Grandma told me that she’d had beautiful legs as a young woman and my legs reminded her of hers.  All I could see when I looked at her legs were varicose veins, but I realize now that she was trying to give me some much-needed confidence and make me feel good about something I felt very bad about.  I always thought my long legs were a bad thing because of comments others made about the need to cover them up.  Grandma saw my pain and sought to ease it without embarrassing me. 

We moved from Ohio to South Carolina when I was thirteen, which I don’t think she ever really appreciated…  I became a bratty, fourteen year old who avoided my parents at all costs and didn’t hug them unless it was required of me.  I remember the night my mom woke me up in the middle of the night to tell me my precious Grandma had died.  Grandma was fairly young – just 69.  She died very unexpectedly.  Mom came into my room, sat down on the edge of my bed, and told me the news.  Without thinking much, my heart went out to her.  I knew this had to be the hardest day of her life.  Instinctively I said, “Oh Mom…” and wrapped my arms around her.  We cried for a minute before I realized that I was too cool to hug my mother or cry in front of her.  Then we got up and started getting ready to leave for Ohio.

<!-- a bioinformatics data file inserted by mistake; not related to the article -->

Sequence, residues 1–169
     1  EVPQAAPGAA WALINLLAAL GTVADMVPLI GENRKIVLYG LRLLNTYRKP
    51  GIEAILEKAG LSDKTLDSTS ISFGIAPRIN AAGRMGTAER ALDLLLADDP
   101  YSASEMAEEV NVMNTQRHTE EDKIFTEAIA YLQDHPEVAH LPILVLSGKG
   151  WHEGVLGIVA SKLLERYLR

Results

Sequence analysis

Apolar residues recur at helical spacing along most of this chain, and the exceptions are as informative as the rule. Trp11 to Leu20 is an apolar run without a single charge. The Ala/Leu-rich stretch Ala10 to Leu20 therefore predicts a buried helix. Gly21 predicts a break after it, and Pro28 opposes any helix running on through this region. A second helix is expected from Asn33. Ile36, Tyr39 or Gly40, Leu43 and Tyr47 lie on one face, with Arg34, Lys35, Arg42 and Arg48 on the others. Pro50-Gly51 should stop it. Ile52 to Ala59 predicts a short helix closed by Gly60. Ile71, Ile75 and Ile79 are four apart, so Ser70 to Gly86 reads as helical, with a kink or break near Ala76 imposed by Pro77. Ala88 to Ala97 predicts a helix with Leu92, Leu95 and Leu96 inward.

It’s been almost 20 years since that happened and I still cry thinking of it.  My mom was sad for a long time after that.  It was hard for her to go to church because people would say things to her about it (out of love and concern) and it would make her cry all over again.  I was so sad for her, and sad for myself, but I didn’t know how to comfort her.  I didn’t want to mention it and make her cry again.  I realize now that I’ve never acknowledged the anniversary of Grandma’s death or said much to Mom about her since then.  I’ve been trying to spare her feelings, but unintentionally have probably come across like I don’t care or don’t miss her.  Yet I have often wished for her to be here and to see the woman I’ve become.  I think she would’ve cheered me on all the way.